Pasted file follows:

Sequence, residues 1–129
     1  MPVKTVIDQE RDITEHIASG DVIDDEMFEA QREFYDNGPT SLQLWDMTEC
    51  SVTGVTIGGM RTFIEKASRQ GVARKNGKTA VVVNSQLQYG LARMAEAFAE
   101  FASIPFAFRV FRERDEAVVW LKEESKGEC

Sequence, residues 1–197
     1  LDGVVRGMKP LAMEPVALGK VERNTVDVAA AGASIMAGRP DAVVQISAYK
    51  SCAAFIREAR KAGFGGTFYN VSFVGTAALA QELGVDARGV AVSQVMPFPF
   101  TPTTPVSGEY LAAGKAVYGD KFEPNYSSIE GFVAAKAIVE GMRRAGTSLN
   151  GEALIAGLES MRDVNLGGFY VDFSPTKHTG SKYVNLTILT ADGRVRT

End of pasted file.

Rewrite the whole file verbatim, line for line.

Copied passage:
Sequence, residues 1–129
     1  MPVKTVIDQE RDITEHIASG DVIDDEMFEA QREFYDNGPT SLQLWDMTEC
    51  SVTGVTIGGM RTFIEKASRQ GVARKNGKTA VVVNSQLQYG LARMAEAFAE
   101  FASIPFAFRV FRERDEAVVW LKEESKGEC

Sequence, residues 1–197
     1  LDGVVRGMKP LAMEPVALGK VERNTVDVAA AGASIMAGRP DAVVQISAYK
    51  SCAAFIREAR KAGFGGTFYN VSFVGTAALA QELGVDARGV AVSQVMPFPF
   101  TPTTPVSGEY LAAGKAVYGD KFEPNYSSIE GFVAAKAIVE GMRRAGTSLN
   151  GEALIAGLES MRDVNLGGFY VDFSPTKHTG SKYVNLTILT ADGRVRT